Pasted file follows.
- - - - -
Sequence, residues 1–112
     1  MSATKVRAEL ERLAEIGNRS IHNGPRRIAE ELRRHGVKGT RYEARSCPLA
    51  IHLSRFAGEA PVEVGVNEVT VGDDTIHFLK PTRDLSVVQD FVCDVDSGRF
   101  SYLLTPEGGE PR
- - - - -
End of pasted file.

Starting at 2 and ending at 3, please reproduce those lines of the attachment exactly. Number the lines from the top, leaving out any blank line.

     1  MSATKVRAEL ERLAEIGNRS IHNGPRRIAE ELRRHGVKGT RYEARSCPLA
    51  IHLSRFAGEA PVEVGVNEVT VGDDTIHFLK PTRDLSVVQD FVCDVDSGRF